Launched in 2012, the Hawai‘i Space Exploration Analog and Simulation, HI-SEAS, is a University of Hawai‘i at Manoa research program funded by NASA, designed to operate long-duration planetary surface missions to investigate crew composition and cohesion.

In a specially designed habitat, a crew of six (selected from a pool of “astronaut-like” candidates that meet the basic requirements of the NASA astronaut program, by having an undergraduate degree in a science or engineering discipline, three years of experience or graduate study, and so on, and monitored by an experienced Mission Support team) perform exploration tasks such as geological field work and life systems management while isolated on the Moon and Mars-like northern flank of Mauna Loa on Hawai‘i Island, 8,200 feet above sea level.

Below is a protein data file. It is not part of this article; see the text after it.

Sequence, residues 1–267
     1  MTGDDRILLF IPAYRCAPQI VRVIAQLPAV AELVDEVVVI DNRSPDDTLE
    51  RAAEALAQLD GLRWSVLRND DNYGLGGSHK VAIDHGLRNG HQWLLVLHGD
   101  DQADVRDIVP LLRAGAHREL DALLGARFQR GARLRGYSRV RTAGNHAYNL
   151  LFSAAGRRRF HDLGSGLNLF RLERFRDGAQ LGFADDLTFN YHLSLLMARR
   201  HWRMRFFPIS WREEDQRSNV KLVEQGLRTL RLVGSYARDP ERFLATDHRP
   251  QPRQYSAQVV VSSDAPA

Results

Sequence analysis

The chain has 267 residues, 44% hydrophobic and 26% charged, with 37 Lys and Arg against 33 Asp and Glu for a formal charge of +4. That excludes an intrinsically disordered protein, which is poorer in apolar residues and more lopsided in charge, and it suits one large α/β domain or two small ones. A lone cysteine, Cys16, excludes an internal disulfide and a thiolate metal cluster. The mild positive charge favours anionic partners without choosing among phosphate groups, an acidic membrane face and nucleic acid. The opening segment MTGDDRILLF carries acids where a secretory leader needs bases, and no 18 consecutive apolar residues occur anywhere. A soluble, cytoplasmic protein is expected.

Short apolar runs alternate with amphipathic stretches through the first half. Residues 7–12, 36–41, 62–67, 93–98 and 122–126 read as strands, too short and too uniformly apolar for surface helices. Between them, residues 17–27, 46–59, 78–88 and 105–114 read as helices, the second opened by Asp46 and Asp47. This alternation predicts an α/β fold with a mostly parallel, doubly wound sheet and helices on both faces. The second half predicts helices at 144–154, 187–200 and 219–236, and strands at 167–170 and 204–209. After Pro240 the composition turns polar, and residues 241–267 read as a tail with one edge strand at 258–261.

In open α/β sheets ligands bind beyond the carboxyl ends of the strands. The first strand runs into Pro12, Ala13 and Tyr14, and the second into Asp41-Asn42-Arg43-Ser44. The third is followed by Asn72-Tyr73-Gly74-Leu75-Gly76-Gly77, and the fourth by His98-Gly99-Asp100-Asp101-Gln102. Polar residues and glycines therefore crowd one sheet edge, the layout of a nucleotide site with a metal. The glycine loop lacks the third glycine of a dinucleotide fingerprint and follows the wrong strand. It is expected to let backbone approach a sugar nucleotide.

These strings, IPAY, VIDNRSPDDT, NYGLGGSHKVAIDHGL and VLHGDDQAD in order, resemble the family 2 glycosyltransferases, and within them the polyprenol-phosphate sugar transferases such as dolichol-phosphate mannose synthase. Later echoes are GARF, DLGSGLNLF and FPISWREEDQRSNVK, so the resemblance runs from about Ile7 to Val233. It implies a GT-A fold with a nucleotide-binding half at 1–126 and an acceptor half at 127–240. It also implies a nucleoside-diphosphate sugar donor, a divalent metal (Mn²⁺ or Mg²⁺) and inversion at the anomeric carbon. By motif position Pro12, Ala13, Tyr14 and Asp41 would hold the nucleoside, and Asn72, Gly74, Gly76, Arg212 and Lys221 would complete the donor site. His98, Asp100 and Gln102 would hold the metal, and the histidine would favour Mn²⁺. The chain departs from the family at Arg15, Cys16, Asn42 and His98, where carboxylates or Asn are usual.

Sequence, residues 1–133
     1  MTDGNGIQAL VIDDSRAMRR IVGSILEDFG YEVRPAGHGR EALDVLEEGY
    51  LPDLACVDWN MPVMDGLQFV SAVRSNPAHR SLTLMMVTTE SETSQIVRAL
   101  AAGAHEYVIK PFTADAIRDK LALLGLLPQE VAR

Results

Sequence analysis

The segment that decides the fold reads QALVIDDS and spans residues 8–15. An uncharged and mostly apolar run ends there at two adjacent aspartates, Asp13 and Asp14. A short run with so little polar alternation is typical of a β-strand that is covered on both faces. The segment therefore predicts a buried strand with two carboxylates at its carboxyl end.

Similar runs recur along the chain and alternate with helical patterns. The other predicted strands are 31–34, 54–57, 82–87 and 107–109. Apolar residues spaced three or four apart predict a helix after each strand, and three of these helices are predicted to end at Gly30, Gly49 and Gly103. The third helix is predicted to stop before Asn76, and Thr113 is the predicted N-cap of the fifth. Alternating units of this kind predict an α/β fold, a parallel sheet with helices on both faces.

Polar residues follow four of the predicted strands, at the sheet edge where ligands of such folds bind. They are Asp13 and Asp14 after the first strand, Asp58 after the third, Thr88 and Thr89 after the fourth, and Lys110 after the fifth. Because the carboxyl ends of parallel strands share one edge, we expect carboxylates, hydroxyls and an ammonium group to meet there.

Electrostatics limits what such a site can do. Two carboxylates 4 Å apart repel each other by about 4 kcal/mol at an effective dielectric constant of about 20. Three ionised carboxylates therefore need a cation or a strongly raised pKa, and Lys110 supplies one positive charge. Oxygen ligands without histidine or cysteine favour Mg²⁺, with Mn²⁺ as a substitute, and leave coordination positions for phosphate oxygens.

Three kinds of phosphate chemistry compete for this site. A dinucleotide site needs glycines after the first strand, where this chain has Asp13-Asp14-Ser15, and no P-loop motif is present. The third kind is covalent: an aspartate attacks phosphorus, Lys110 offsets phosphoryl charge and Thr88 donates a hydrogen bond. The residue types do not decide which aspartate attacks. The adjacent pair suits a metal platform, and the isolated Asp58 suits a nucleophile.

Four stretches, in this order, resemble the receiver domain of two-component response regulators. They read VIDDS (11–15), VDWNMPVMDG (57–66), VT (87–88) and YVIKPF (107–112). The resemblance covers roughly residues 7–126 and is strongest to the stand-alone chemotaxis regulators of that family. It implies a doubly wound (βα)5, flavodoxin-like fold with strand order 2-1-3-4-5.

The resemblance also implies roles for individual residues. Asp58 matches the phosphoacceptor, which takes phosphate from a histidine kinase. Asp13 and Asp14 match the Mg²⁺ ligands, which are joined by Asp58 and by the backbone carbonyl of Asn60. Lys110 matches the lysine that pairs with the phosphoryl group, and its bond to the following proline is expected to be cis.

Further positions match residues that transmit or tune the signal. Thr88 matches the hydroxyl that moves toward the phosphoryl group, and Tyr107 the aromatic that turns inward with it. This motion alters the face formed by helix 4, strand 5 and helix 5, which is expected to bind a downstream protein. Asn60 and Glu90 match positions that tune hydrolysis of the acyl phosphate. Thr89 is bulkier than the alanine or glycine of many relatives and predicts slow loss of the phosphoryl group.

Rigorous daily routines — of food preparation, exercise, scientific research, geological field work (aligned with NASA’s planetary exploration expectations), equipment testing, and tracking resource utilization of food, power, and water — support an assortment of psychological tests that form the primary behavioral research program which is the core of HI-SEAS. Studies focus on the need to identify psychological and psychosocial factors, measures, and combinations that can be used to compose highly effective teams for self-directing long-duration exploration missions. The primary research funded by the NASA Human Factors and Behavioral Performance element is conducted by researchers from across the U.S. and Europe who are at the forefront of their fields.